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I'm trying to learn the ropes of Japanese language with some online guides, and sometimes I try to anticipate the sentences using what I learn, just to find out that the guide uses a different form. Now I'm aware that a thing can be said in different ways, but let's go to the problem.

The guide was explaining the sentence "Send letter to Japan", now using what I learned so far I started composing the sentence from the destination, which is Japan (日本) and being it a location target I used the へ particle to connect it with the letter object (手紙). Now I have a letter to Japan, which is the object of my sentence, so I connect it with the を particle and finally the action to send it (送る).

Google Translate agrees with me that 日本へ手紙を送る is "Send a letter to Japan", but the guide uses 手紙を日本へ送る, which is clearly also correct.

Now to the question: are both these way of saying "Send a letter to Japan" correct or is there a preferable one?

  • 1
    In English some elements are also mobile. Some elements in English are also mobile. Some elements are also mobile in English. – BlueRaja - Danny Pflughoeft Jul 10 '18 at 19:05
  • @BlueRaja-DannyPflughoeft Mobile some elements in English also are. – Frhay Jul 11 '18 at 14:35
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1) 「日本{にほん}手紙{てがみ}送{おく}る」

2) 「手紙日本送る」

Both are correct and grammatical. As far as pure grammar, neither is any "better" than the other.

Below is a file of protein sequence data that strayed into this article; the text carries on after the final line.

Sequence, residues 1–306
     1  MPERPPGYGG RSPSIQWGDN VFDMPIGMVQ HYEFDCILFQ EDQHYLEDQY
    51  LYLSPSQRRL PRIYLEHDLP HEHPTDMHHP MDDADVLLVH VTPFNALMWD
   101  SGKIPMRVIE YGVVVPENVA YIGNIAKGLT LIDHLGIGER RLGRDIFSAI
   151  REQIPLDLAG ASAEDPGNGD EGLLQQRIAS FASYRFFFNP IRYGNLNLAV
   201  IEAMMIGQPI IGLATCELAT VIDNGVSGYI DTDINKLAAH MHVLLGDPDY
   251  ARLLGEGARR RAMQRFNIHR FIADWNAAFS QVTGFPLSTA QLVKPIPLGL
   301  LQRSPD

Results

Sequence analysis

Japanese grammar is indeed more flexible than it seems to be taught outside of Japan (particularly at the beginning level). As long as the correct particles are attached to the right words, the word order can be switched around fairly randomly if it is for the grammaticality (if not for the subtle nuance and/or emphasis).

While both phrases are "correct", there would be a difference in the actual frequency in which native speakers would utter/write the two phrases. You would see/hear #1 more often than #2.

That is because in phrase #1, the direct object 「手紙(を)」 is followed directly by the verb 「送る」 with nothing in between. #2 has 「日本へ」 in between. This makes #1 sound slightly more intuitive or "neutral" if you will.

For this reason, 2) 「手紙を日本へ送る」 could sound as if the speaker/writer were placing an amount of emphasis on the 「手紙を」 purposely. An example of that purpose would be to imply that it is a letter and not something else that s/he is wanting to send.

Thus, unless one has a reason to use #2, #1 would be the more useful structure. Once again, as far as grammar, both are "equally" correct.

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